The Gerson Institute of Ayurvedic Medicine

Scott Gerson, M.D., Ph.D. (Ayurveda) Medical Director, Jupiter Medical Center Dept. of Integrative Medicine Division of Education and Research

 

 

 

 

 

Lake Mary Clinic, Gerson Ayurvedic Spa, and Panchakarma Facility: at 635 Primera Blvd. Lake Mary, Florida 32746

Jupiter Medical Center at The Calcagnini Center for Mindfulness
1210 S. Old Dixie Highway, Jupiter, Florida 33458, Suite M-117.2

 

 

 

 Telephone: (561) 263-MIND (6463); option 2 (407) 549-2800

Basic Principles Of Ayurveda

The Digestive Fire--Agni

Agniis the fire constantly burning with our minds and bodies that kindles all the biological processes of life; it is the fire which powers the transformation of one substance into another. The most obvious function of agni is to promote digestion. But for living beings, everything depends on it--our appearance, body temperature, auto-immunity, awareness, understanding, intelligence; our health, our energy, our lives. Many diseases are connected directly or indirectly to an abnormality of agni. Not only is agni responsible for the breakdown of food substances, but also for neutralizing toxins, bacteria, and viruses which can disrupt our immune system.

When agni is healthy there is excellent digestion, normal elimination, proper tissue formation, good circulation, high energy, strong immunity, good complexion, pleasant body odor and breath, intelligence, enthusiasm, and perception.

When agni is unhealthy however, digestion is inefficient and incomplete and all the functions mentioned above are disturbed. Most importantly, when agni is disturbed, incompletely digested food form an internal toxin known as ama. This substance can further putrefy and ferment within the intestinal tract and can spread throughout the body to cause disease. Thus, without exaggeration, the care of agni is central to maintaining health and treating diseases.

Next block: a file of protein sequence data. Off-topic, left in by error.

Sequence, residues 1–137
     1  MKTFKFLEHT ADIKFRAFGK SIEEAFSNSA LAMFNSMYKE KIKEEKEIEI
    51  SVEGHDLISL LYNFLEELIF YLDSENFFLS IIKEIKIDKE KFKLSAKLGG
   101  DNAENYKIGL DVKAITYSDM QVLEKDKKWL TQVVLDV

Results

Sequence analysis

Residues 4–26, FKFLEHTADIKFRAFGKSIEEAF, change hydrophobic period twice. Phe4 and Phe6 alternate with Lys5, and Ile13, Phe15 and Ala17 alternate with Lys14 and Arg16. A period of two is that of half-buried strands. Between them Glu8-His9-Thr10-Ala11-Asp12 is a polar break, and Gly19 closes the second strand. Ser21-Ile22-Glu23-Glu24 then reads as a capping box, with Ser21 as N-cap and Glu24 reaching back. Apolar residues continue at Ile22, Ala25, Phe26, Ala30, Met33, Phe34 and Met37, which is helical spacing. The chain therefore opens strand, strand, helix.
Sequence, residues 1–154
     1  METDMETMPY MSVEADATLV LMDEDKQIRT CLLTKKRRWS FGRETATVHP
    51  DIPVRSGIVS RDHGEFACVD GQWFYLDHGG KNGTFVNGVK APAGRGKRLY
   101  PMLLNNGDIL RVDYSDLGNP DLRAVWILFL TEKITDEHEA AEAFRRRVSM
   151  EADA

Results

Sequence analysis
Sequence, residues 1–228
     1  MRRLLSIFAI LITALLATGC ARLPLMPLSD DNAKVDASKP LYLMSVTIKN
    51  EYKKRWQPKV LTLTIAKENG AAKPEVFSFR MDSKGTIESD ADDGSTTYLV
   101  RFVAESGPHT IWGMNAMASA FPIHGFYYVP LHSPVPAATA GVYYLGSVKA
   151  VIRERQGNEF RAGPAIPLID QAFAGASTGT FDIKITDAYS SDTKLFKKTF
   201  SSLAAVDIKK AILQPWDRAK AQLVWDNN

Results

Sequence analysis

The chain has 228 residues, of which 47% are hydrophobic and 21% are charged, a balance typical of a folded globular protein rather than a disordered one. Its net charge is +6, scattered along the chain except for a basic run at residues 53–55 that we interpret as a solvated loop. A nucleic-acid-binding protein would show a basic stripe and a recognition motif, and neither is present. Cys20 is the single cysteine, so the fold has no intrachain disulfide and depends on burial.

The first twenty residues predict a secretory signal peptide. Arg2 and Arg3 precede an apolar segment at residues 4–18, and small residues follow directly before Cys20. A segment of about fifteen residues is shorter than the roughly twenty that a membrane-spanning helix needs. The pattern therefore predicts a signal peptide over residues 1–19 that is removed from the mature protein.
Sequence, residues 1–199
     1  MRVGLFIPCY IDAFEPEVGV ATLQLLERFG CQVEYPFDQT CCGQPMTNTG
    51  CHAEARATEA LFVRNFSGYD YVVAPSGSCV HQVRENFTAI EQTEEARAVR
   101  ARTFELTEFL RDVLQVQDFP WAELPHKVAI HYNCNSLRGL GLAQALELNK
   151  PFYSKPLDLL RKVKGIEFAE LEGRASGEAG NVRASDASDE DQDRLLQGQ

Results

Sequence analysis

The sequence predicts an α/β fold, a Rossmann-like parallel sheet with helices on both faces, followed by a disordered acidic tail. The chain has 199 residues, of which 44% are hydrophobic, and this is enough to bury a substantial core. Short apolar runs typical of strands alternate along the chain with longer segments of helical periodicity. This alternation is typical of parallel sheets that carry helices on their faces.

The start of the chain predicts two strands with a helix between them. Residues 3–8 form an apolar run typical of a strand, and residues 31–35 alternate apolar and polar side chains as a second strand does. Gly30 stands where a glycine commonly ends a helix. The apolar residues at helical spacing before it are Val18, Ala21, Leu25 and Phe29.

There are thirteen forms of agni, the most important of which is jatharagni, which regulates and contributes a part of itself to the other agnis. Sometimes jatharagni is referred to as kosthagni (Kostha=digestive tract) or pachakagni (Pachana=cooking). A principal function of jatharagni is to cook the ingested food and separate the sara (nutrients) from the kitta (waste). The sara is also known as ahara rasa which is the substrate for the first bodily tissue, rasadhatu.

The other twelve agnis are the dhatagnis (7) and the bhutagnis (5), which are related to the tissues and the five subtle elements, respectively. The dhatagnis regulate the physiological processes in each of the seven tissues, while the bhutagnis regulate the further digestion and assimilation of the pancha mahabhuta contained in the ingested foods.

The Ayurvedic texts mention factors which disrupt agni. These include eating at inappropriate times, overeating, undereating, eating devitalized foods, eating before the previous meal has been digested, excessive sleep, anger, grief, immoral behavior, consumption of excess fluids, or frequent changes in dietary habits.

Agnis are classified into four categories according to how they manifest in the human being:

sharp, mild, irregular, and regular.

Tiksnagni (sharp) implies strong digestion, circulation, and immunity. Impurities, if they accumulate, tend to do so in rasa and rakta dhatus (plasma and formed blood cells). These people have a tendency toward inflammations and acidity. Usually seen in pitta constitutions.

Mandagni (mild) usually manifests as slower digestion, low appetite, cravings for heavy or sweet foods, and a tendency to carry excess body weight. Circulation may be slow and excess secretions often form. Usually seen in Kapha constitutions.

Visamagni (irregular) can promote irregular appetite, with intense periods of hunger alternating with lack of interest in food. There is often intestinal bloating, gas, constipation, or abdominal discomfort. Immunity is often diminished, especially with regard to the nervous system, bones, and upper respiratory tract. Not suprisingly, this type of agni is common in vata constitutions.

Samagni (regular, balanced) occurs in individuals who are well-balanced, eating proper amounts and kinds of foods, exercising, and resting appropriately. One sees normal appetite, satisfaction surrounding meals, normal bowel movements, endurance, (mental) clarity, and (emotional) stabilty.